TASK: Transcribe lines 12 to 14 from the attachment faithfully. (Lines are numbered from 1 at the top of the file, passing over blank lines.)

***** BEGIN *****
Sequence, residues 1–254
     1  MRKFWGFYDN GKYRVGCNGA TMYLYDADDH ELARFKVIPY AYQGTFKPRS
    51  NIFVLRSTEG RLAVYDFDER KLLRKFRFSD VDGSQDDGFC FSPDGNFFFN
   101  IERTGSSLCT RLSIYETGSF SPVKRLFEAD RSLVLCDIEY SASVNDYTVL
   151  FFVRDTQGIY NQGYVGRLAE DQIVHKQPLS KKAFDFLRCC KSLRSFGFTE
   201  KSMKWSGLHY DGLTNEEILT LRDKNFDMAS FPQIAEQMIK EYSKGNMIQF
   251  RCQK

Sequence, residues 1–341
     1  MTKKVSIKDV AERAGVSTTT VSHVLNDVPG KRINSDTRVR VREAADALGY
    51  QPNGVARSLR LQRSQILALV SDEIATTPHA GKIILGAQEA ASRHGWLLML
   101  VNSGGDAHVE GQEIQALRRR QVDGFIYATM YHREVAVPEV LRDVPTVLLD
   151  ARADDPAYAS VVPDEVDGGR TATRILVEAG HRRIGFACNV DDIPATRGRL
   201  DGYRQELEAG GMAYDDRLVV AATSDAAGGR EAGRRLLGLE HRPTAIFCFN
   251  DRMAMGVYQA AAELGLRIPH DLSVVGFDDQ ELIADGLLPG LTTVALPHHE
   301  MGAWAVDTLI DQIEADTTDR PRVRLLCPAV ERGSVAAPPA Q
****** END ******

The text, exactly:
   151  ARADDPAYAS VVPDEVDGGR TATRILVEAG HRRIGFACNV DDIPATRGRL
   201  DGYRQELEAG GMAYDDRLVV AATSDAAGGR EAGRRLLGLE HRPTAIFCFN
   251  DRMAMGVYQA AAELGLRIPH DLSVVGFDDQ ELIADGLLPG LTTVALPHHE